Do Institutions Own Pinnacle Renewable Holdings Inc (TSE:PL) Shares?

If you want to know who really controls Pinnacle Renewable Holdings Inc (TSE:PL), then you’ll have to look at the makeup of its share registry. Insiders often own a large chunk of younger, smaller, companies while huge companies tend to have institutions as shareholders. Companies that have been privatized tend to have low insider ownership.

With a market capitalization of CA$471m, Pinnacle Renewable Holdings is a small cap stock, so it might not be well known by many institutional investors. Taking a look at the our data on the ownership groups (below), it’s seems that institutional investors have bought into the company. We can zoom in on the different ownership groups, to learn more about PL.

See our latest analysis for Pinnacle Renewable Holdings

TSX:PL Ownership Summary November 1st 18
TSX:PL Ownership Summary November 1st 18

What Does The Institutional Ownership Tell Us About Pinnacle Renewable Holdings?

Institutional investors commonly compare their own returns to the returns of a commonly followed index. So they generally do consider buying larger companies that are included in the relevant benchmark index.

We can see that Pinnacle Renewable Holdings does have institutional investors; and they hold 17% of the stock. This can indicate that the company has a certain degree of credibility in the investment community. However, it is best to be wary of relying on the supposed validation that comes with institutional investors. They too, get it wrong sometimes. When multiple institutions own a stock, there’s always a risk that they are in a ‘crowded trade’. When such a trade goes wrong, multiple parties may compete to sell stock fast. This risk is higher in a company without a history of growth. You can see Pinnacle Renewable Holdings’s historic earnings and revenue, below, but keep in mind there’s always more to the story.

TSX:PL Income Statement Export November 1st 18
TSX:PL Income Statement Export November 1st 18

Hedge funds don’t have many shares in Pinnacle Renewable Holdings. Quite a few analysts cover the stock, so you could look into forecast growth quite easily.

Insider Ownership Of Pinnacle Renewable Holdings

While the precise definition of an insider can be subjective, almost everyone considers board members to be insiders. Company management run the business, but the CEO will answer to the board, even if he or she is a member of it.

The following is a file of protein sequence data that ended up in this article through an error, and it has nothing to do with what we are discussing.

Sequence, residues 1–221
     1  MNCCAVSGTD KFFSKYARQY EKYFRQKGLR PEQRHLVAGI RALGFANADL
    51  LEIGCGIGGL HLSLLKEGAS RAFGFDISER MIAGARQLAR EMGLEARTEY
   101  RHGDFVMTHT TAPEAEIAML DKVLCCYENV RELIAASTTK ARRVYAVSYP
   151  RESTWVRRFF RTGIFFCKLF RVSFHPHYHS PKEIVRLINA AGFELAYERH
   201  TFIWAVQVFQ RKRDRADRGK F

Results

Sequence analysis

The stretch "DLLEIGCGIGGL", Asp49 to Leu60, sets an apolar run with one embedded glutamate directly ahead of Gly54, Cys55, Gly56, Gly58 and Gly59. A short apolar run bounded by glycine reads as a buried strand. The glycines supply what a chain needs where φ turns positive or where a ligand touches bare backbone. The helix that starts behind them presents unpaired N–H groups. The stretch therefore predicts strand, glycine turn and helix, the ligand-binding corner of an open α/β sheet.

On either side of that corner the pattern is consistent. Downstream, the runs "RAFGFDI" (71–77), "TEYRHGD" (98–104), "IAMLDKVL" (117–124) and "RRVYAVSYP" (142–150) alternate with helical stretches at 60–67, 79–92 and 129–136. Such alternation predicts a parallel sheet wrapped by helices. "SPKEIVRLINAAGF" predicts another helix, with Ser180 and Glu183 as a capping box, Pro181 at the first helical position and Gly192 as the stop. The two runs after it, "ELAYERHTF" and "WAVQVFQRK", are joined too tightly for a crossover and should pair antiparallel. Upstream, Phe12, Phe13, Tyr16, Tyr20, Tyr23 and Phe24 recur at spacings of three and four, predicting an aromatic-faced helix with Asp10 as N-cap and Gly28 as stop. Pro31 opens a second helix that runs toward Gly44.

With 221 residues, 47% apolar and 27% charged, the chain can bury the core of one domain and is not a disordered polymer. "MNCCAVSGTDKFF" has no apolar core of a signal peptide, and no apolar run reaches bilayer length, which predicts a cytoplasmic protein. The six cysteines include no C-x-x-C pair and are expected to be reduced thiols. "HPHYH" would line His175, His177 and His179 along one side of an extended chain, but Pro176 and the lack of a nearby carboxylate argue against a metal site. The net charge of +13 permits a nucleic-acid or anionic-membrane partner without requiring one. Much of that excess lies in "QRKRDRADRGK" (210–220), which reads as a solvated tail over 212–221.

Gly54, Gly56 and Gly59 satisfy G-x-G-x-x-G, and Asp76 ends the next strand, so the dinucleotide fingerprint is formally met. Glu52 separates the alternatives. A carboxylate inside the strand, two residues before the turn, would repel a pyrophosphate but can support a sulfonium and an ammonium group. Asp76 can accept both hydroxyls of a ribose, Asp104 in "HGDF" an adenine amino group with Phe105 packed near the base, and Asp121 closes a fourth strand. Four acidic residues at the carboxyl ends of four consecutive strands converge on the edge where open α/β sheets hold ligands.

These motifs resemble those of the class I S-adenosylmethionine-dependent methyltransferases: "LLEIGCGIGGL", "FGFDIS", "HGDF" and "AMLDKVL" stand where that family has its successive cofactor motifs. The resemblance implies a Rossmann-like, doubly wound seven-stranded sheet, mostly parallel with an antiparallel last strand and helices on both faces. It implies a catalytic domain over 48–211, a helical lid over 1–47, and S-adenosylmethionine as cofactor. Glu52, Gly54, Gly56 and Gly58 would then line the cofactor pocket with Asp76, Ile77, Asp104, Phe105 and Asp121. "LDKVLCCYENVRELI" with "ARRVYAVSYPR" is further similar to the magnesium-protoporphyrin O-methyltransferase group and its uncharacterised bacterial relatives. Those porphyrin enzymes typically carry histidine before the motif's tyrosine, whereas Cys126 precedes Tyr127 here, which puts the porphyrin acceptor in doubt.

I generally consider insider ownership to be a good thing. However, on some occasions it makes it more difficult for other shareholders to hold the board accountable for decisions.

I can report that insiders do own shares in Pinnacle Renewable Holdings Inc. It has a market capitalization of just CA$471m, and insiders have CA$20m worth of shares, in their own names. Some would say this shows alignment of interests between shareholders and the board. But it might be worth checking if those insiders have been selling.

General Public Ownership

The general public, with a 47% stake in the company, will not easily be ignored. This size of ownership, while considerable, may not be enough to change company policy if the decision is not in sync with other large shareholders.

Private Equity Ownership

With a stake of 32%, private equity firms could influence the PL board. Some investors might be encouraged by this, since private equity are sometimes able to encourage strategies that help the market see the value in the company. Alternatively, those holders might be exiting the investment after taking it public.

Next Steps:

While it is well worth considering the different groups that own a company, there are other factors that are even more important.

I like to dive deeper into how a company has performed in the past. You can access this interactive graph of past earnings, revenue and cash flow, for free .

If you are like me, you may want to think about whether this company will grow of shrink. Luckily, you can check this free report showing analyst forecasts for its future.

NB: Figures in this article are calculated using data from the last twelve months, which refer to the 12-month period ending on the last date of the month the financial statement is dated. This may not be consistent with full year annual report figures.

To help readers see past the short term volatility of the financial market, we aim to bring you a long-term focused research analysis purely driven by fundamental data. Note that our analysis does not factor in the latest price-sensitive company announcements.

The author is an independent contributor and at the time of publication had no position in the stocks mentioned. For errors that warrant correction please contact the editor at editorial-team@simplywallst.com.